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author
Coghlan, Ebba LU
supervisor
organization
course
LAGF03 20161
year
type
M2 - Bachelor Degree
subject
keywords
public international law, law
language
English
id
8874080
date added to LUP
2016-07-03 21:32:27
date last changed
2016-07-03 21:32:27
@misc{8874080,
  abstract     = {Wartime rape is old news, and most experts agree that for most of human history, war and rape have gone hand in hand. But although wartime rape is a centuries old phenomenon, it seems to have disinterested the international legal community for most of its existence. The current legislation regulating wartime rape in international humanitarian law (IHL) is decades, not centuries, old. This thesis will present a few of the reasons behind this previous disinterest, as well as some of the consequences.

The focus of this thesis will be on international humanitarian law, including war crimes. The development towards the prevailing regulations began in earnest at the end of the nineteenth century, and was not completed until the late 1970s. In order to understand this development, both the historical and the present-day regulations will be discussed, in combination with a modest introduction to some historical perceptions of women and rape. Furthermore, both the present-day regulations, and the historic development, will be analysed from a series of feminist perspectives, in order to understand whether perceptions of females and their roles in society may have affected legislation concerning wartime rape.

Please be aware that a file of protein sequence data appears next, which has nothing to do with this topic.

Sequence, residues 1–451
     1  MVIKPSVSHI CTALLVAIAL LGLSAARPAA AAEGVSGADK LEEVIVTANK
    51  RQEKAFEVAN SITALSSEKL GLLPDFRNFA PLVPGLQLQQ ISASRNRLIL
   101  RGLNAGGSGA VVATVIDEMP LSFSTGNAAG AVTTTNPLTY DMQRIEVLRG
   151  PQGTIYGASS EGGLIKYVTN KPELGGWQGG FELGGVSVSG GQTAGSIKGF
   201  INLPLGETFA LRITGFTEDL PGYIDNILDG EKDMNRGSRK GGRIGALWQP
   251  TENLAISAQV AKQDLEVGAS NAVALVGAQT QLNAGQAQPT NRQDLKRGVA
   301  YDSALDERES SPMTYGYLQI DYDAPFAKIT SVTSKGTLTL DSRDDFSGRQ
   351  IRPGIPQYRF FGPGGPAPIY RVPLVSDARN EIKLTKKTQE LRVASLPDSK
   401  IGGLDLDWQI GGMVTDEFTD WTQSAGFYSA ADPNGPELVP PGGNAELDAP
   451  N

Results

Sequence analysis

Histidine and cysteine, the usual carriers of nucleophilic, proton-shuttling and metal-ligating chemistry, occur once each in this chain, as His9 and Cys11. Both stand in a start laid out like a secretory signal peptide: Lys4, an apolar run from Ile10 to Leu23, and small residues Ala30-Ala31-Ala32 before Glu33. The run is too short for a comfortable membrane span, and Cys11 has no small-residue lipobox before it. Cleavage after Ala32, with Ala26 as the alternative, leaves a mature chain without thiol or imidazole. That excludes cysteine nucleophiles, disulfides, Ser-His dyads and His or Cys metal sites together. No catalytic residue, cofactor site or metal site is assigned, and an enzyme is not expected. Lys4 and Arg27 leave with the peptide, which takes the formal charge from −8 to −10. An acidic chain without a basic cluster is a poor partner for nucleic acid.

Regulations concerning wartime rape have been relatively slow to develop, and it was only with the Additional Protocols to the Geneva Conventions that the controversial connection to ‘family honour and rights’ was removed in 1977. With this, focus moved from honour, to the individual victims experiences. The historical focus on honour is problematic, as it delegitimised the experiences of some victims - those not deemed to possess honour.},
  author       = {Coghlan, Ebba},
  keyword      = {public international law,law},
  language     = {eng},
  note         = {Student Paper},
  title        = {At war with honour? - Feminist perspectives on female honour and the regulation of wartime rape},
  year         = {2016},
}